I'm Back Blogging about the Economic Situation

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I interrupted my blogging at this site on October 23. There were two reasons, closely related. The first is that I needed the time to finish my new book on the economic situation. It is entitled "The Crisis of Capitalist Democracy" and will be published by the Harvard University Press in March. The second is that there would be too much overlap between blog and book.

Now that the book is completed, I can resume blogging, and will post my first new entry tomorrow.

Let me say something about my new book. It is twice as long as "A Failure of Capitalism: The Crisis of '08 and the Descent into Depression," which was completed at the beginning of last February and published in April. The new book both goes in greater depth into issues discussed in the last book and covers much new ground. More is understood now about the causes and the course of the financial crisis that crested in September 2008 and precipitated a sharp general decline of the economy as a whole both here and abroad. The issue of causality is central to the reappointment of Bernanke as chairman of the Federal Reserve, to the rising wave of banker bashing, to the just-begun investigation by the Financial Crisis Inquiry Commission, and to pending and proposed legislation (most recently the proposal to impose a "Financial Crisis Responsibility Fee" on the largest banks). I am in sharp disagreement with the populist theory, embraced by the Administration, that the principal blame for the financial crisis should be assigned to "fat cat bankers." Bigger culprits, in my opinion, are unsound monetary policy and lax banking regulation, with an assist from the economics profession.

In addition to exploring the causes of the crisis in greater depth than in my earlier book, the new book brings the story of the crisis up to date by examining in detail the relevant developments, both economic and political (and they can't be separated) since the inauguration of President Obama. This is a story of ambitious recovery measures, of mixed success, and of ambitious governmental proposals of dubious merit for preventing a recurrence of the conditions that resulted in the financial collapse. I emphasize in the book that although the economy is beginning to recover from the depths of the current depression (as I insist our economic situation should be called), the immense costs that have been incurred to fight the depression, the lost tax revenues, and the Administration's ambitious long-term social programs, all taken together, have deepened the concerns that I expressed in the earlier book about the nation's economic future.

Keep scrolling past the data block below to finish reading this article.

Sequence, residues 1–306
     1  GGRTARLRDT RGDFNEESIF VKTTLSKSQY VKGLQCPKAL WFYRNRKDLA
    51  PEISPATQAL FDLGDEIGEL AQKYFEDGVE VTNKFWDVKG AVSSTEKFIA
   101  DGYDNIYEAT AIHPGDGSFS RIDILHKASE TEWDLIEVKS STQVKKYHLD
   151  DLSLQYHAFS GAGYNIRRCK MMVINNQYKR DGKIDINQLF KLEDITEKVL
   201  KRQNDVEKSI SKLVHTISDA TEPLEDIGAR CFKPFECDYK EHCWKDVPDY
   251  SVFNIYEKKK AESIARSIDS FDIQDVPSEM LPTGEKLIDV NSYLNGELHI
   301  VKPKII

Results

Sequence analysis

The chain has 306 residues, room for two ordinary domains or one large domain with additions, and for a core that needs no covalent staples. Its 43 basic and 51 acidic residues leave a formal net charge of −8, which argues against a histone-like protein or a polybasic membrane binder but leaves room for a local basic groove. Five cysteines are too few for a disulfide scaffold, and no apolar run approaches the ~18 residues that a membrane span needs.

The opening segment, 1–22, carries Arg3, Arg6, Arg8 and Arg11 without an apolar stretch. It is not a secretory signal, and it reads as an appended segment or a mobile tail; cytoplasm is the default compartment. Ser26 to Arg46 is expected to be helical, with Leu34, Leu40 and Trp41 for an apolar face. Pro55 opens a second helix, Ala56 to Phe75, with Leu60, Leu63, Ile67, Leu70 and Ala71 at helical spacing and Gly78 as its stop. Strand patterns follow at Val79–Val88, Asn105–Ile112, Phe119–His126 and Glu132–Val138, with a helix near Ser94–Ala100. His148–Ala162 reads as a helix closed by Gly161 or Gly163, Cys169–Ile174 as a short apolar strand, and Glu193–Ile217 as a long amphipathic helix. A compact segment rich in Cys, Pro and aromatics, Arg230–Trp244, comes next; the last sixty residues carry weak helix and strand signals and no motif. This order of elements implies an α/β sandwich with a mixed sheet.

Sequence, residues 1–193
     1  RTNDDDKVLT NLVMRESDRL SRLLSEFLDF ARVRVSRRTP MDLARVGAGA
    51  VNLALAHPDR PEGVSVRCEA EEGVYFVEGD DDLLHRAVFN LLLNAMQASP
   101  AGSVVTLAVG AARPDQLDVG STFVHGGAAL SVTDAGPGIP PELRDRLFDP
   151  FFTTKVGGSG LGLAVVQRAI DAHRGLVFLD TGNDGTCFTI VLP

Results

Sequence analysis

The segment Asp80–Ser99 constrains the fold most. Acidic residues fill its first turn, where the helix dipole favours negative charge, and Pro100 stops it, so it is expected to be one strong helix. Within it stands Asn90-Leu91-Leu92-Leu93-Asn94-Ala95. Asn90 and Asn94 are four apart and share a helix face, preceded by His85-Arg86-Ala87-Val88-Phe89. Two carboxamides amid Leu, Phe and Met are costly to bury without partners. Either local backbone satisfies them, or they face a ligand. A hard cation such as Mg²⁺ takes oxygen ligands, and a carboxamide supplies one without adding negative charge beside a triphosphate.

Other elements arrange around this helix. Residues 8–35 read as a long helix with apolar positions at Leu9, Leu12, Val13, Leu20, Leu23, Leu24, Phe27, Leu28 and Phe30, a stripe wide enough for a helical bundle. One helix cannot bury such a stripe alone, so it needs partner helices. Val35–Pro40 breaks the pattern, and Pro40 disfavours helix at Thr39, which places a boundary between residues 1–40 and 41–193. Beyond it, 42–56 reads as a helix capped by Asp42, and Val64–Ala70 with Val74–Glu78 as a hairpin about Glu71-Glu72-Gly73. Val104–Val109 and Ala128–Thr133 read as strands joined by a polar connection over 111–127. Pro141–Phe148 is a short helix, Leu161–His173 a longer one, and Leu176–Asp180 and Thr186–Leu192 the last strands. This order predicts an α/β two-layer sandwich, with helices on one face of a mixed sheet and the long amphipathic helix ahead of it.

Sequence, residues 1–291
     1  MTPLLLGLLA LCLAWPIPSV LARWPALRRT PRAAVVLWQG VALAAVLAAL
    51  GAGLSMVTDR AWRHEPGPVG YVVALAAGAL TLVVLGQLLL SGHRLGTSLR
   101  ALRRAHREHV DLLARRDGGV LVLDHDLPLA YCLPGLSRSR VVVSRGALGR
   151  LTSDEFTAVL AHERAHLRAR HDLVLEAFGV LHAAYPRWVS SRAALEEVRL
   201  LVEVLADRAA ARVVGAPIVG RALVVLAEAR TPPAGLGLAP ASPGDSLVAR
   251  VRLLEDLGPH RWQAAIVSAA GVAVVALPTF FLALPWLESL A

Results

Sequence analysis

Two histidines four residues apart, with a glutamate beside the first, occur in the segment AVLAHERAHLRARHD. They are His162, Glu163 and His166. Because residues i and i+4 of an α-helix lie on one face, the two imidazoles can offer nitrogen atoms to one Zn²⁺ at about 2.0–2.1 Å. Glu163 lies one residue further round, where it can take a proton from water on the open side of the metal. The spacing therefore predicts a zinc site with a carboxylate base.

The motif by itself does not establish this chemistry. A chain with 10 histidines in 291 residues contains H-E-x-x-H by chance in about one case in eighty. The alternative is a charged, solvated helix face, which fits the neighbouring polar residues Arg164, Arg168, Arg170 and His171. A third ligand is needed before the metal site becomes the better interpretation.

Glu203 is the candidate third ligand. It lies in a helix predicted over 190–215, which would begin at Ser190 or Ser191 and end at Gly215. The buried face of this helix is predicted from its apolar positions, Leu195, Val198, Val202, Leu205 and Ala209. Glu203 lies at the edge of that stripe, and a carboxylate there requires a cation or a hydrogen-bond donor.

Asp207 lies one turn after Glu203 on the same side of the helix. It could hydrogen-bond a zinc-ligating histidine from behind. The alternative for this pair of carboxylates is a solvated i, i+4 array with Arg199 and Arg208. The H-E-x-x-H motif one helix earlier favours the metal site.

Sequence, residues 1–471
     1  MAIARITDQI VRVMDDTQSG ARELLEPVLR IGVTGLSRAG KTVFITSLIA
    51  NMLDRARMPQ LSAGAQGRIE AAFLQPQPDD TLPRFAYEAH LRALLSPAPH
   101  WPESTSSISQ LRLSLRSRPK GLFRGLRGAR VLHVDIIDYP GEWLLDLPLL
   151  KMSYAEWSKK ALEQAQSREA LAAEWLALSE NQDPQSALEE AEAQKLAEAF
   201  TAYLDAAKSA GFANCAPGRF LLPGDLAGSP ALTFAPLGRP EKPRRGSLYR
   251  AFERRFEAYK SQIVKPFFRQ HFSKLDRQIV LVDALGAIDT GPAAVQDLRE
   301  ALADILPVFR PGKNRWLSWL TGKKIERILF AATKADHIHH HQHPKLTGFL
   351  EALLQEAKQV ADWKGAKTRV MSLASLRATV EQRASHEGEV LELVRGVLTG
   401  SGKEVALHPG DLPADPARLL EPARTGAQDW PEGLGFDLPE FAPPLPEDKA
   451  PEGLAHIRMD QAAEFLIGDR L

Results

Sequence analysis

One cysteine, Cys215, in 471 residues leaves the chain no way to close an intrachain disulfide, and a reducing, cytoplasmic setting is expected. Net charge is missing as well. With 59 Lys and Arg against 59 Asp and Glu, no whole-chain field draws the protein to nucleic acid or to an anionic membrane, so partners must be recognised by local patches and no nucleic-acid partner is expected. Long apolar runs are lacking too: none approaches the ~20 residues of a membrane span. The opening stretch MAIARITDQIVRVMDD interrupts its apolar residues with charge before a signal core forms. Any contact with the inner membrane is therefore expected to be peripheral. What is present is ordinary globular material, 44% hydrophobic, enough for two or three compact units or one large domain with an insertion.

I had thought when I agreed with my publisher on a deadline for the new book that by the end of 2009 the shape of recovery would be clear. It is not. We simply cannot respomsibly gauge the pace of the recovery. Nor is it even clear whether we are better off with a fast recovery or a slow one. A fast recovery could create an acute risk of dangerously high inflation. A slow recovery could greatly increase the size of the federal deficit, threatening all sorts of economic and political harms, with eventual unacceptable inflation only one of them. I am particularly concerned with the danger of social and political turmoil if high unemployment and related economic pathologies persist.

We are now in the third year of a depression. The economic crisis continues to occupy center stage despite all the other news assailing us. Tomorrow I will blog about developments so recent that I could not include them in the new book.

 

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Richard A. Posner

Richard Posner is an author and federal appeals court judge. He has written more than 2500 published judicial opinions and continues to teach at the University of Chicago Law School. More

Richard A. Posner worked for several years in Washington during the Kennedy and Johnson Administrations. He worked for Justice William J. Brennan, Jr, the Solicitor General of the U.S., Thurgood Marshall, and as general counsel of President Johnson's Task Force on Communications Policy. Posner entered law teaching in 1968 at Stanford and became professor of law at the University of Chicago Law School in 1969. He was appointed Judge of the U.S. Court of Appeals for the Seventh Circuit in 1981 and served as Chief Judge from 1993 to 2000. He has written more than 2500 published judicial opinions and continues to teach at the University of Chicago Law School. His academic work has covered a broad range, with particular emphasis on the application of economics to law. His most recent books are How Judges Think (2008), Law and Literature (3d ed. 2009), A Failure of Capitalism: The Crisis of '08 and the Descent into Depression (2009). He has received the Thomas C. Schelling Award for scholarly contributions that have had an impact on public policy from the John F. Kennedy School of Government at Harvard University, and the Henry J. Friendly Medal from the American Law Institute.
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